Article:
Wednesday, August 11, 2010

Requiem For A Horse

Dapple, my horse in Red Dead Redemption died the other day.

I was doing the Tumbleweed gang hideout and I don't remember him getting in the line of fire, but when I came out of the main house after killing the bandits in the basement, I started looting some corpses and there he was, lying on the ground. Well, technically he was lying in the ground so it's possible a clipping error killed him but regardless my horse, my best friend in all of New Austin, was dead. It bothered me that my trusty steed was dead however I had been running on the autosave for a couple of hours by then so reloading to bring Dapple back would have meant losing a bunch of work. So while I loved Dapple, I didn't love him enough to reload and he stayed in that stable in the sky.

We had a lot of good times, Dapple and I. There was that time we rode all over hell to find flowers and he got killed by a cougar. Then there was that time we were hunting boar and I got killed by a boar. Then there was that time I got killed by a boar and he got killed by a cougar. There may have been a wolf there too. Seriously, it was like the ending of Reservoir Dogs, only with wildlife. Then there was that time he helped me cheat at cards. Ok, so that didn't happen but in my mind I see him sticking his head through the saloon window and then pawing the ground to tell me what kind of cards the other guy has. That game would be awesome. I would pay big money for that game.

Whenever a game offers an animal companion of great significance I find myself drawn to it over whatever human companions exist in the game. I loved my dog Homer in Fable 2 but never raised a family. When the time came to pick your choice at the end, I chose the option that brought my dog back. In fact, had there been a fourth choice where the world is burned to a cinder and you and your dog fly off into space on a rocket ship I would have taken that one. In Fallout 3, my only companion was Dogmeat and any time he died, I reloaded. Dogmeat dies a lot in that game so I reloaded a lot. During all of Broken Steel I sent him away so often was he dieing. Once I was done with that game for good I made sure to first go get Dogmeat and then save the game in my house in Megaton because I didn't want to think that Dogmeat was eternally waiting at the vault for me to come back. I took the Mabari warhound in Dragon Age in my party from the minute he could join and he never left. I also named him Dogmeat. Dogmeat, son of Dogmeat if you want to be specific.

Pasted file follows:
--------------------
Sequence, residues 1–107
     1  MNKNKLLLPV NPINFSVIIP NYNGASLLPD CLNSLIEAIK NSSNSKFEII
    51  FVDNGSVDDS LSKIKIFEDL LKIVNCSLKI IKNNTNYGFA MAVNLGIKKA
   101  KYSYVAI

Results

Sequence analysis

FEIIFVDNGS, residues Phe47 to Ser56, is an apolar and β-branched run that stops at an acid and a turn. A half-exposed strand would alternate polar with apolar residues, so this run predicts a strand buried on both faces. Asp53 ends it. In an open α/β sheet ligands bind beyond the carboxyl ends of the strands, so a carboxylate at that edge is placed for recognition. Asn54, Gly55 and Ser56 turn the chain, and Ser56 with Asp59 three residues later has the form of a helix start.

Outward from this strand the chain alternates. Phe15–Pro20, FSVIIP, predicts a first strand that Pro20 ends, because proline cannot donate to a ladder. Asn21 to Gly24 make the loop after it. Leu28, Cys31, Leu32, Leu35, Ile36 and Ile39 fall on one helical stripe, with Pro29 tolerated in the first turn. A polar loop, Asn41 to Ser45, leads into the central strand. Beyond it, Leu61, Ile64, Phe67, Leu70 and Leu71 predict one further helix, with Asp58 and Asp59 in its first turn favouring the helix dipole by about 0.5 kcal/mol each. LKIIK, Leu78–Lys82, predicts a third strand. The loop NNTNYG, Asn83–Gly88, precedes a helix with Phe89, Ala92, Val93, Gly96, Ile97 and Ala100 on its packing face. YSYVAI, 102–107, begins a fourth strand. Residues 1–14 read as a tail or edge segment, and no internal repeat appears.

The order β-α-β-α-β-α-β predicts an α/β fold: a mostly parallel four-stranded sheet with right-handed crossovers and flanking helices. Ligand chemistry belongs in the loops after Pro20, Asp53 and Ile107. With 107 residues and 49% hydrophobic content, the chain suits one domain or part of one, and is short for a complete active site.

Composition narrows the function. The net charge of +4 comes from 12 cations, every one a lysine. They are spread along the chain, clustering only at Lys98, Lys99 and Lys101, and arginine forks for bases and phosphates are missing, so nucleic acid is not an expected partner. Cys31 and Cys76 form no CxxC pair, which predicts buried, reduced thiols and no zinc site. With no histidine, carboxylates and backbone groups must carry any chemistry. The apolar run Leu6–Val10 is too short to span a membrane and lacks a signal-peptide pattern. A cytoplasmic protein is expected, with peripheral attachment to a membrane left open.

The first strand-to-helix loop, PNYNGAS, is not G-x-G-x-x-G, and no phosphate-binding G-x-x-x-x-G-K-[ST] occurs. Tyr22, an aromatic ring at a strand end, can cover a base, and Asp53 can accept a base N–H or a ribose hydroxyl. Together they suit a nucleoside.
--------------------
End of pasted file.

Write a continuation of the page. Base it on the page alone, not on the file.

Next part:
So yeah, I tend to get a little attached to my animals.

Red Dead Redemption does a lot of things right and it does a lot of things not so right. I think the shopkeeper in Armadillo should work on beefing up security given as many times as he gets robbed. On a side note, I always feel bad buying from him what with him constantly badmouthing Jews. One time I didn't help him when he was robbed and he got killed. I have to admit, I didn't feel all that bad. Herbert Moon is a very unpleasant man. What the game does right, at least for me, is give you a connection to your horse. Granted, not enough of a connection to pass up several hours of work because your horse tried to take out some gang members but enough to where I care about the well being of my horse and actively try to keep it alive.

That is until it's time to kill two cougars with your knife. By the time I was done with that I was knee deep in horse flesh. I chalk it up to still grieving and being afraid of keeping a new horse in fear that they wouldn't compare to Dapple. In reality, getting knocked off of your horse by a cougar is easier to recover from than being knocked down by a cougar. I don't understand it either, but having had both done to me at least half a dozen times by now, I'm somewhat of an expert in cougar attacks. So the new horses became cougar bait, giving me enough time to recover, roll up on the cougar and stab them. The downside of this is that when the cougar then tries to run away you can't chase it very well due to the inherent difficulties found in riding a dead horse. You can however lasso the cougar and then stab it again which, I'm sure, is entirely realistic. If there was a way to break a cougar and then ride it around after lassoing it, Red Dead Redemption would be the greatest media property of all time. That and card cheating horses. Take notes Rockstar. I smell a sequel.

Once I get the achievement for not switching horses at a hitching post, provided I can get it by never having hitched my various new horses, I'll head out to the plains and break a new horse that I will then bond with like I did with Dapple. I'll honor them like I honored Dapple. I'll protect them like I protected Dapple. I'll love them like I loved Dapple.

Right up until the bear hunting starts.

4 comments:

bill abner said...

After your 10th Dapple, the thrill is gone.

I did the same stuff in Dragon Age and Fallout 3.

怡涂涂涂均 said...

Never put off till tomorrow what may be done today.......................................................................

Clay said...

The cougar-knifing paragraph is fantastic.

If I ask for "more like that," I can't imagine what I'll get.

Will said...

Dear Brandon

After reading your post and listening to the podcast, I have come to the conclusion that you are not quite right in the head.

Please keep up the good work.